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One fin, two fins, red fins, bluefins - some problems of taxonomy and nomenclature affecting legal instruments governing tuna and other highly migratory species

Record type: Article

Following recent FAO recognition that what were thought separate Atlantic and Pacific stocks of Thunnus thynnus are actually distinct species, this article examines the considerable variation in how tunas are named and classified in the UN Convention on the Law of the Sea and other fisheries treaties. Two consequences related to the superimposition of the UN Fish Stocks Agreement on this variation are highlighted. The author concludes that, until FAO names gain wider use, it is the Latin scientific names rather than the common names in the “authentic” vernacular treaty texts on which reliance should be placed for legal purposes.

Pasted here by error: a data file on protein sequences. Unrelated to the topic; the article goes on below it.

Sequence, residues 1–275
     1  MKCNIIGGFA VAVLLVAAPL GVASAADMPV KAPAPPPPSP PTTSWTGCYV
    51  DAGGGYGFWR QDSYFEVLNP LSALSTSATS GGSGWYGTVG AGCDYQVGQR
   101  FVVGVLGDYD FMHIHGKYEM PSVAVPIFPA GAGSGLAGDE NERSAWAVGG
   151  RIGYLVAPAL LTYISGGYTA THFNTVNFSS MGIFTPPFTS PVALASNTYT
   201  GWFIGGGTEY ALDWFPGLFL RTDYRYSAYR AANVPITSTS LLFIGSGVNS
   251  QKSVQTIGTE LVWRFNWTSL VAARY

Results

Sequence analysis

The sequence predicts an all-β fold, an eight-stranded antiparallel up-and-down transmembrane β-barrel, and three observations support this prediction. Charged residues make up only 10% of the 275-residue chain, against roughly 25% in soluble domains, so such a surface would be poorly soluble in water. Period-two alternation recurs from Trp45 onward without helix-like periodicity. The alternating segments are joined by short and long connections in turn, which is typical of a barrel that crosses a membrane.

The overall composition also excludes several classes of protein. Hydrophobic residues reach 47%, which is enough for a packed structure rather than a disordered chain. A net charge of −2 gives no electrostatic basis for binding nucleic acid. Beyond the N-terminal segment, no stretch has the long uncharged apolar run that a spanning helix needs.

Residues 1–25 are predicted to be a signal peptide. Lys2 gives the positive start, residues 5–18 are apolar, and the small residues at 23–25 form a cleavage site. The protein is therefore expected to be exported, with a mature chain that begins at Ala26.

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Citation

Serdy, Andrew (2004) One fin, two fins, red fins, bluefins - some problems of taxonomy and nomenclature affecting legal instruments governing tuna and other highly migratory species Marine Policy, 28, (3), pp. 235-247. (doi:10.1016/j.marpol.2003.08.005).

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Published date: May 2004

Identifiers

Local EPrints ID: 79506
URI: http://eprints.soton.ac.uk/id/eprint/79506
PURE UUID: 6cdead79-aaaf-4ace-9f86-2e35a6347c7e

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Date deposited: 16 Mar 2010
Last modified: 18 Jul 2017 23:17

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Author: Andrew Serdy

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